A global economy already worried about fallout from the new COVID-19 virus has been hit by a shock – an oil price war between Saudi Arabia and Russia. While the consumer will benefit from lower fuel costs, the near-term impact to the global economy may be worse as lower oil prices reduces the profitability of US oil companies. The fallout could include an increase in smaller oil drilling companies going bankrupt and job cuts in the oil and gas industry. Excluding indirect employees and businesses, the oil and natural gas industry supports 10.3 million US jobs and nearly 8% of the domestic economy.
I am continuing to collect & offer relevant data to share with clients & readers:
A Coronavirus Recession? - First Trust Monday Morning Outlook
- The report begins by reporting around how strong the economic data was in January & February--Maybe a reason why most investment professionals are advising a measured approach
Putting all of this data into their model, the Atlanta Fed projects real GDP is growing at a 3.1% annual rate in the first quarter. That’s not a typo. However, March data, which isn’t available yet will likely bring this number down. The early economic headwinds from the Coronavirus are coming from slower production in China, which likely led to a big drop in inventories.
- First Trust is very good at providing context & perspective to market movement. This chart is important to remember;
Past performance is not indicative of future returns.
Increase in Oil Production Makes for Manic Monday - Cetera Investment Management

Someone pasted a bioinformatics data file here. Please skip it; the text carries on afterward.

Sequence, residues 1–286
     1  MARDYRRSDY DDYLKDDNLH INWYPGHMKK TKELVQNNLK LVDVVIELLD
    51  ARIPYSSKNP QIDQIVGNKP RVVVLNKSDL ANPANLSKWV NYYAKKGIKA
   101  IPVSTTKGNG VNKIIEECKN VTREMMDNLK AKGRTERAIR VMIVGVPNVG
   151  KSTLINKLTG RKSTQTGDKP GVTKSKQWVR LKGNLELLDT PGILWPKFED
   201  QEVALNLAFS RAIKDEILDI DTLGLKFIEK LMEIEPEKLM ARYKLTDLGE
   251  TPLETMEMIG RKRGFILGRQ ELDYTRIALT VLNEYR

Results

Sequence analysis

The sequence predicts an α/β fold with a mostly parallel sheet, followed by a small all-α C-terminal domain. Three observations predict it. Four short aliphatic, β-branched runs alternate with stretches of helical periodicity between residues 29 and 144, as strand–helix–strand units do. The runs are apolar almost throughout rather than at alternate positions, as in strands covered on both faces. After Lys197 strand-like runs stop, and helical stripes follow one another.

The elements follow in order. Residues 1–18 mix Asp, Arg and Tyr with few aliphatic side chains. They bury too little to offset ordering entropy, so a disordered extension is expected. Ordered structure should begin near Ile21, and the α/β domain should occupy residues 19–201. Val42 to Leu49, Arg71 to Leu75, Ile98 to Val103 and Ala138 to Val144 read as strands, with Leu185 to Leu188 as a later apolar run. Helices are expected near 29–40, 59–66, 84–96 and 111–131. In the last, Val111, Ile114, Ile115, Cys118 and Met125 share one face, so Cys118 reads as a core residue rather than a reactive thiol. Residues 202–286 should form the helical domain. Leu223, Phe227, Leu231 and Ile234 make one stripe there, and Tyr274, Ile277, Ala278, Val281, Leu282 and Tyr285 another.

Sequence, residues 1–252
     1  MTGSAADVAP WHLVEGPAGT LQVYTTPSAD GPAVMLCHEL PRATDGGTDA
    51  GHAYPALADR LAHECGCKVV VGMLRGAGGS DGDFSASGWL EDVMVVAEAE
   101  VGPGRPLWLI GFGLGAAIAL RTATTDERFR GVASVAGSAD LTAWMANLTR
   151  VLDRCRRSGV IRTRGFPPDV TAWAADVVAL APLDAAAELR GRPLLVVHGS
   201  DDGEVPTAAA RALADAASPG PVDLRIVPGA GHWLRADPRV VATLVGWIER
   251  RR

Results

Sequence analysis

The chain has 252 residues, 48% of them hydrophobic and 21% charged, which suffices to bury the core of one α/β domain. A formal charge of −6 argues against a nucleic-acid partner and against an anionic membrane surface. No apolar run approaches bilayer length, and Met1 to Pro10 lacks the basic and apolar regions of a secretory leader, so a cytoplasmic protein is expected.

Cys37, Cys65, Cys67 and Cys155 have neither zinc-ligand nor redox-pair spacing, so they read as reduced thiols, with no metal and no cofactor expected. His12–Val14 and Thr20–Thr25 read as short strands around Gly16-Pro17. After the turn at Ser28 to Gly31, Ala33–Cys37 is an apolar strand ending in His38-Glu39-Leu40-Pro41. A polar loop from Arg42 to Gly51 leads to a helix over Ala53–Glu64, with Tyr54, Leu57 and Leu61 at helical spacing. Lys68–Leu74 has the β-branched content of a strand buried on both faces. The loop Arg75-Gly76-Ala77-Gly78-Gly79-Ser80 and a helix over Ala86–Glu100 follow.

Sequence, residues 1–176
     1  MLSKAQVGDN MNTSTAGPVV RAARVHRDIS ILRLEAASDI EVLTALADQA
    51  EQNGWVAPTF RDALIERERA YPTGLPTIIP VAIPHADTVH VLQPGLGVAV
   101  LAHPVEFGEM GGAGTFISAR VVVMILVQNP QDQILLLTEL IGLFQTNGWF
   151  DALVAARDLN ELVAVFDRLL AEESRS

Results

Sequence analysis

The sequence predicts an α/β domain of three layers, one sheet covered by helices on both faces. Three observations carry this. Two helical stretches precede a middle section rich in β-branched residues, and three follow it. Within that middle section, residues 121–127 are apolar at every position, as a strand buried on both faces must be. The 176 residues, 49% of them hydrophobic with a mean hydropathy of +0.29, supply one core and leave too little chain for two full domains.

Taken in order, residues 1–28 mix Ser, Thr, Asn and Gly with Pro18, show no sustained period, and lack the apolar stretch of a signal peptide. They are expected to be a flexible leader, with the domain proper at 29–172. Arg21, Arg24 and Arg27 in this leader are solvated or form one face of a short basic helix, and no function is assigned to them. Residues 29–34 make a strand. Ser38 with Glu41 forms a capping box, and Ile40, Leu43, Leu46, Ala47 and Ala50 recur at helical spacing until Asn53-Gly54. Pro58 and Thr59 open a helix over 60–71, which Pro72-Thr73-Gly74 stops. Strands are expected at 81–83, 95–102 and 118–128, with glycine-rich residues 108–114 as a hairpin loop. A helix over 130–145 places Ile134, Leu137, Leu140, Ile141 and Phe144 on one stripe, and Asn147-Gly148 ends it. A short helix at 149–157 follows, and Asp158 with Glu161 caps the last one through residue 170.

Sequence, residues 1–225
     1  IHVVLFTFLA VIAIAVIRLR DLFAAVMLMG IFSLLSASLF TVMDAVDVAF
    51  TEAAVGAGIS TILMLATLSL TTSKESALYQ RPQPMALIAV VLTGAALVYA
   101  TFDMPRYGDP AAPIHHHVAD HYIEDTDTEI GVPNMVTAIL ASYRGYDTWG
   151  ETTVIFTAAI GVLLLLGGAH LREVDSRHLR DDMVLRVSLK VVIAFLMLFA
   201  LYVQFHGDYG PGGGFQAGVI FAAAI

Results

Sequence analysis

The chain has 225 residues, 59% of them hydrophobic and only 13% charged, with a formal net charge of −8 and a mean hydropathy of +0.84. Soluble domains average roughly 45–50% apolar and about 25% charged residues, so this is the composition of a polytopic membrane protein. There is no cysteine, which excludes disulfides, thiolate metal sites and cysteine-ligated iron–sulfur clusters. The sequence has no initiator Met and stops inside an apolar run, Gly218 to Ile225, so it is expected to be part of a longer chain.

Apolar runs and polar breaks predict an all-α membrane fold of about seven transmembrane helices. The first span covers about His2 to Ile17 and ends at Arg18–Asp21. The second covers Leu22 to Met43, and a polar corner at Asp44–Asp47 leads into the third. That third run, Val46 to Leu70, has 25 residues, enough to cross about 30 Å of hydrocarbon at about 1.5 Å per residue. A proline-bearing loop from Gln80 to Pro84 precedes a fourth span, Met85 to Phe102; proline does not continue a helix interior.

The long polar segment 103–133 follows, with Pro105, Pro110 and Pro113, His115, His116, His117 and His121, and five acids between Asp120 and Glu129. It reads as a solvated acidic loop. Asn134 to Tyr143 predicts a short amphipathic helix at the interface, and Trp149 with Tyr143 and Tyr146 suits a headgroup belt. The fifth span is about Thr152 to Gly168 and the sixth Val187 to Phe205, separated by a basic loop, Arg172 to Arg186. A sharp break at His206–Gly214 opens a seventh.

- Though Cetera Investment Management cannot predict the severity of the market downside in the near-term, they do see reasons for optimism once the dust settles. The Fed will likely bring interest rates to zero at its next meeting. The combination of zero interest rates and $30 oil prices is essentially a tax cut for the U.S. consumer.
Market Plunge: This is Not 2008 -- Blackrock Investment Institute
- Markets moves have been reminiscent of the financial crisis. But Blackrock don not think it’s 2008 as the economy and financial system are on much stronger footing.
- The firm sees the expansion as intact, but this requires policy makers to act decisively to prevent the coronavirus from ending the cycle prematurely.
- They are currently maintaining benchmark exposure to risk assets, and emphasize resilience through quality equities, cash and sustainability.
- There are encouraging signs that a policy response is starting to come together. It will need to be a joint and decisive effort between fiscal and monetary policy, as detailed in Time for policy to go direct. The key vulnerabilities that need to be addressed: cash challenges faced by companies, especially small- and medium-sized enterprises, and households.
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